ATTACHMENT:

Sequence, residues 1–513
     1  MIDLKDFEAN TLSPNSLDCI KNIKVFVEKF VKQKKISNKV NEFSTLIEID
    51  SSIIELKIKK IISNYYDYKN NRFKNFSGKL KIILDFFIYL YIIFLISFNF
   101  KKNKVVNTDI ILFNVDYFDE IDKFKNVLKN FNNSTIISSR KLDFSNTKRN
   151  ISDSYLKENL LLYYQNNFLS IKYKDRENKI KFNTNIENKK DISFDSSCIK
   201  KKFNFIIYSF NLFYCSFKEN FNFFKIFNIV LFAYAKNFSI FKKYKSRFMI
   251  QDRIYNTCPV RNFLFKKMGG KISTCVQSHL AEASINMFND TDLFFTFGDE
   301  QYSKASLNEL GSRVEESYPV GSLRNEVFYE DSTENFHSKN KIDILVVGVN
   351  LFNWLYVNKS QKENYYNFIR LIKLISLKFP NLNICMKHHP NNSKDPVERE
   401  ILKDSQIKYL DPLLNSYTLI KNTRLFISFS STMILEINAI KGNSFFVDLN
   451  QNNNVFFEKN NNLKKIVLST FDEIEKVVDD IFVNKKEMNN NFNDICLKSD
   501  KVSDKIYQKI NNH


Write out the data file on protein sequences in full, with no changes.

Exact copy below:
Sequence, residues 1–513
     1  MIDLKDFEAN TLSPNSLDCI KNIKVFVEKF VKQKKISNKV NEFSTLIEID
    51  SSIIELKIKK IISNYYDYKN NRFKNFSGKL KIILDFFIYL YIIFLISFNF
   101  KKNKVVNTDI ILFNVDYFDE IDKFKNVLKN FNNSTIISSR KLDFSNTKRN
   151  ISDSYLKENL LLYYQNNFLS IKYKDRENKI KFNTNIENKK DISFDSSCIK
   201  KKFNFIIYSF NLFYCSFKEN FNFFKIFNIV LFAYAKNFSI FKKYKSRFMI
   251  QDRIYNTCPV RNFLFKKMGG KISTCVQSHL AEASINMFND TDLFFTFGDE
   301  QYSKASLNEL GSRVEESYPV GSLRNEVFYE DSTENFHSKN KIDILVVGVN
   351  LFNWLYVNKS QKENYYNFIR LIKLISLKFP NLNICMKHHP NNSKDPVERE
   401  ILKDSQIKYL DPLLNSYTLI KNTRLFISFS STMILEINAI KGNSFFVDLN
   451  QNNNVFFEKN NNLKKIVLST FDEIEKVVDD IFVNKKEMNN NFNDICLKSD
   501  KVSDKIYQKI NNH